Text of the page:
The head of Kenora's hospital, Ray Racette, was the special guest speaker for Reconciliation Kenora's annual meeting yesterday. The group is also known by the traditional name Azhe-mino-gahbewewin.
In his keynote speech, Racette talked about the importance of improving Indigenous health as a key priority for health care leaders across the country, not just the district. Racette moved to Kenora after working with the Canadian College of Health Leaders in Ottawa.
He was also the president and CEO of Victoria General Hospital in Winnipeg, as well as Boundary Trails Health Centre in Winkler and Morden in southern Manitoba.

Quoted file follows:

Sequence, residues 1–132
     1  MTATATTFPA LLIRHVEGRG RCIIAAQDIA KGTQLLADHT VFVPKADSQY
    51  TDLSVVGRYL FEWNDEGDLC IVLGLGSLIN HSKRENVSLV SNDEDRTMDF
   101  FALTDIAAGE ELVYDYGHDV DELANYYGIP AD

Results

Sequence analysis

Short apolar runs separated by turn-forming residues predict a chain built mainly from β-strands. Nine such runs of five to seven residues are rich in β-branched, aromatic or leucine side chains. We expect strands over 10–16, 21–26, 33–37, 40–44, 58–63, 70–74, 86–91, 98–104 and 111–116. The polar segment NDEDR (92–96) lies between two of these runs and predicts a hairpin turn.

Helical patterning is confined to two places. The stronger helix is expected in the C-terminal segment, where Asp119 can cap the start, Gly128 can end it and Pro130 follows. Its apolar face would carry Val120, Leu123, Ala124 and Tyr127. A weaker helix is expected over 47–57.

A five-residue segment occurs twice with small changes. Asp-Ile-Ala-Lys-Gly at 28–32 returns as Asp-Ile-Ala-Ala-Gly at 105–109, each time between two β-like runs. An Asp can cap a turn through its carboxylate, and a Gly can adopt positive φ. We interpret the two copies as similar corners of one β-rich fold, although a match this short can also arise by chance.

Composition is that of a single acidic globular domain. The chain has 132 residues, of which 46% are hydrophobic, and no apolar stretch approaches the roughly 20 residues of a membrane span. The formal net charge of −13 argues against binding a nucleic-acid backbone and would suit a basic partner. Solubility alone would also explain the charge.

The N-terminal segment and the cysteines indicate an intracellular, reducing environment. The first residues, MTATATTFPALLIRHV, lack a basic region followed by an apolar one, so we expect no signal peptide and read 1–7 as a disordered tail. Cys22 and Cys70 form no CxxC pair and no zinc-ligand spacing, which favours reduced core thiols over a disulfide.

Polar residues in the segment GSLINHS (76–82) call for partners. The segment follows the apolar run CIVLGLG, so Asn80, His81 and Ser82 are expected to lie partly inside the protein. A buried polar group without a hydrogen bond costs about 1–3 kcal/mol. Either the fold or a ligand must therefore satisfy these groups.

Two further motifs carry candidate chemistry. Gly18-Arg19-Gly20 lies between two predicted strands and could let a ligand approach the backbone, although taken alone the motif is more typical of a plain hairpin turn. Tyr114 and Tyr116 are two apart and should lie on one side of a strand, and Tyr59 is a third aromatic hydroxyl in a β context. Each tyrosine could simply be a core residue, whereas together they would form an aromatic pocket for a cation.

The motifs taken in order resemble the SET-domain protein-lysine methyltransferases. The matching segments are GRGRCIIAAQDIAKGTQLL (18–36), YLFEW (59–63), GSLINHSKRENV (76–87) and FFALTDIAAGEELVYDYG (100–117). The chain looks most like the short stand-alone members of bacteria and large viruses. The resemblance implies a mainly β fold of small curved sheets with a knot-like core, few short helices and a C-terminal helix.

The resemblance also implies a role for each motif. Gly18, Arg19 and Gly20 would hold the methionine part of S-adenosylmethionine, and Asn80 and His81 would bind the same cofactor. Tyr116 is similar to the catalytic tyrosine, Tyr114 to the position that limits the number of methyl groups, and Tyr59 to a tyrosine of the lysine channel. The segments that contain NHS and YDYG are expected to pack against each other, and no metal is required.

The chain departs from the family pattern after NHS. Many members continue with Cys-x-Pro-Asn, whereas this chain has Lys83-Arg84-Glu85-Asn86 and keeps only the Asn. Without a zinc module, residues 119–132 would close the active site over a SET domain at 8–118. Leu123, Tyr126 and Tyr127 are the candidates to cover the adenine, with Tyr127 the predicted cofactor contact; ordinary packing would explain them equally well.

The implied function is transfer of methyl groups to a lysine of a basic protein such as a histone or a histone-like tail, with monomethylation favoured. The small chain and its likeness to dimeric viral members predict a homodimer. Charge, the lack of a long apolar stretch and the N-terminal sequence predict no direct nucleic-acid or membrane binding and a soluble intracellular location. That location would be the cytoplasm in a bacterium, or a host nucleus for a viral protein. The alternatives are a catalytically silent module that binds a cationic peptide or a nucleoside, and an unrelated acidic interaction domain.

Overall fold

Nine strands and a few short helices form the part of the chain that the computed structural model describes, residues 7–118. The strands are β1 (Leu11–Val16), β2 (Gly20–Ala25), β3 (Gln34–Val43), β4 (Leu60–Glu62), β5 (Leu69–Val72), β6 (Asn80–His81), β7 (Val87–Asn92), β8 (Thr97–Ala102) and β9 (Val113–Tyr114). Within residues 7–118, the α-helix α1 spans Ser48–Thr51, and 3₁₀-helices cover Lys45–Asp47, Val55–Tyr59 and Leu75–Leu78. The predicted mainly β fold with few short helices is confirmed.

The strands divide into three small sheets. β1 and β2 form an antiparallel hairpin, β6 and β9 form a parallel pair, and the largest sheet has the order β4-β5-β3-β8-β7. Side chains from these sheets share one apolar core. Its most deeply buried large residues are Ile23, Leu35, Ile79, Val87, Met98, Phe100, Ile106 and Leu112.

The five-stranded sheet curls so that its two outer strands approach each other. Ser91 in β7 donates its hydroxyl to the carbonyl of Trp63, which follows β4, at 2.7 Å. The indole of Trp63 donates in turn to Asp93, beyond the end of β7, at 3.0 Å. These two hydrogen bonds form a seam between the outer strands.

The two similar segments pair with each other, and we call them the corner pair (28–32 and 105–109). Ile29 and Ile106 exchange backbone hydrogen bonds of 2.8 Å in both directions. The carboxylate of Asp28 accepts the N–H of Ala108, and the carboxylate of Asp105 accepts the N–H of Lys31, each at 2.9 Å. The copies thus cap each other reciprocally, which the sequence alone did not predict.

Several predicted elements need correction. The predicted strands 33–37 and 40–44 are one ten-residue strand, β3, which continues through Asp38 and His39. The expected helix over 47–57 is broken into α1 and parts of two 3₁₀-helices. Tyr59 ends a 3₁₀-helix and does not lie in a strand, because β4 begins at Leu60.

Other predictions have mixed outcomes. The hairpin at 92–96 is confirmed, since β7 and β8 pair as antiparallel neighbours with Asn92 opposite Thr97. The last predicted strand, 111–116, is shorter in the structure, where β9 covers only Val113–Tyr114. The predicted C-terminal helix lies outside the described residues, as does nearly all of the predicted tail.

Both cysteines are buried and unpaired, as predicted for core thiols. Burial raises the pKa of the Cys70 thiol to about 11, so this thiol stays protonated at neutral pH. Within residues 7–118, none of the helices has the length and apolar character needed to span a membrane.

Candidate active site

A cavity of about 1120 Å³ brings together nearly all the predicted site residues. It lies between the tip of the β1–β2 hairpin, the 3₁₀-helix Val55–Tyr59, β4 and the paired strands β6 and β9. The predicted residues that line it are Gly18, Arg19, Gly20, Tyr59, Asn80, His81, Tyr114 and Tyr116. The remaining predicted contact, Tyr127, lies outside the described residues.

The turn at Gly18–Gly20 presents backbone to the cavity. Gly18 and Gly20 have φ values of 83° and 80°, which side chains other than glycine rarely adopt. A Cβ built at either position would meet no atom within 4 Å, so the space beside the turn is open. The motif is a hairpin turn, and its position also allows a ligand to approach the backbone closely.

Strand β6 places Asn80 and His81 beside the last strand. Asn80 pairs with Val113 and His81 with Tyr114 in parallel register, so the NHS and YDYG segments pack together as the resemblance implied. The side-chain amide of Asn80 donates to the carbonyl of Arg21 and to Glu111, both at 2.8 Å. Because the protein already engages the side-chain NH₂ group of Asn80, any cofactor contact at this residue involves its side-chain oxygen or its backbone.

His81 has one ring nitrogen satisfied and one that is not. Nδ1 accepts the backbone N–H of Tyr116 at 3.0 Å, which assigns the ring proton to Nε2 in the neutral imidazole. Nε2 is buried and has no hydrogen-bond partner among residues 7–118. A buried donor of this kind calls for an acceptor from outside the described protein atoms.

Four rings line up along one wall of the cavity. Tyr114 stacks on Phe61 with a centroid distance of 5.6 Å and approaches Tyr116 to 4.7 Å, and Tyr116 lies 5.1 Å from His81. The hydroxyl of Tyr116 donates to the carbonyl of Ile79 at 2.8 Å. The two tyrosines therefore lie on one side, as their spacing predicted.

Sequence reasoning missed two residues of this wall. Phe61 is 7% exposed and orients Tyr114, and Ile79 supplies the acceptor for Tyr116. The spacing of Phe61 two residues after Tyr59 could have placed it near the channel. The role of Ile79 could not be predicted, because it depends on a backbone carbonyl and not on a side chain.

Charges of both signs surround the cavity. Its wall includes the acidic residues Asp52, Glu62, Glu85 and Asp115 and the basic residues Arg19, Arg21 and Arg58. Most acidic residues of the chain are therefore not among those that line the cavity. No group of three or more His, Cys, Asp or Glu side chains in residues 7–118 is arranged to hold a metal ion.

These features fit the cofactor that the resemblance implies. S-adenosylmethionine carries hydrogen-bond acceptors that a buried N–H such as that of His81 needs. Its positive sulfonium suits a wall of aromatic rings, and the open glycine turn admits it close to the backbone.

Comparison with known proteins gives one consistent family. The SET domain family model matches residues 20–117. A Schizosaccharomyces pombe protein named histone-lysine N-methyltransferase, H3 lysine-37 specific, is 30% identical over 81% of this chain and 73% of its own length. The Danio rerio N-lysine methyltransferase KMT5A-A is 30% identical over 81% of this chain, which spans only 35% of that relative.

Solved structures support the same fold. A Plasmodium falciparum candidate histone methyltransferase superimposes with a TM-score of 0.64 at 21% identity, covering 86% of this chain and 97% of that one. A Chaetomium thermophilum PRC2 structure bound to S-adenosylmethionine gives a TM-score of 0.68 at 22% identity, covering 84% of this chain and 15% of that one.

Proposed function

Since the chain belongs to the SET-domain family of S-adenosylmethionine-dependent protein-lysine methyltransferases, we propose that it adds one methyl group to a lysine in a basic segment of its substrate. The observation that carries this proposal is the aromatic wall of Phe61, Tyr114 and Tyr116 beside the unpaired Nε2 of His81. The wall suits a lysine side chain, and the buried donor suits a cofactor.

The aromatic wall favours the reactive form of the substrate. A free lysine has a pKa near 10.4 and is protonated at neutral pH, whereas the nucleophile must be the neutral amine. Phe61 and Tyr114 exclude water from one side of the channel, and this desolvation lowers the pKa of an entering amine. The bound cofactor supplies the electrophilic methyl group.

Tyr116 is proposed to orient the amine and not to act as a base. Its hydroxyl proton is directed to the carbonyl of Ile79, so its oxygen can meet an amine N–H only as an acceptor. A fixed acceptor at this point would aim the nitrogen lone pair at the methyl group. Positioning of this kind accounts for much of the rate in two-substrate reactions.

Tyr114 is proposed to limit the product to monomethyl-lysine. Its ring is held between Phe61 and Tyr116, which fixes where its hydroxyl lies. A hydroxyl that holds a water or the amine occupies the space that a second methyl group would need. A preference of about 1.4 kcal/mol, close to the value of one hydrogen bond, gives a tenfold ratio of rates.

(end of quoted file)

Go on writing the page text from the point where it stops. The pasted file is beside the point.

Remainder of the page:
Improved health outcomes will come from better access and making sure knowledge is shared from one site to another. This also includes bringing traditional knowledge and healing into the hospital setting, he added.
With the provincial move to form health teams, and the local direction to build a new hospital building, Racette has become a key figure for both initiatives. After yesterday's meeting, he said building good relationships was key to the planning process.
"The big thing is it's an important journey. We need to do it well. It needs to be staged well. A lot of it is trust building. You don't get that automatically. You earn that," he said.
More detailed planning for what's in the new building starts next year, with community engagement to follow.
Kenora Mayor Dan Reynard and city councillor Rory McMillan were also in attendance, along with representatives from First Nation and Metis communities.
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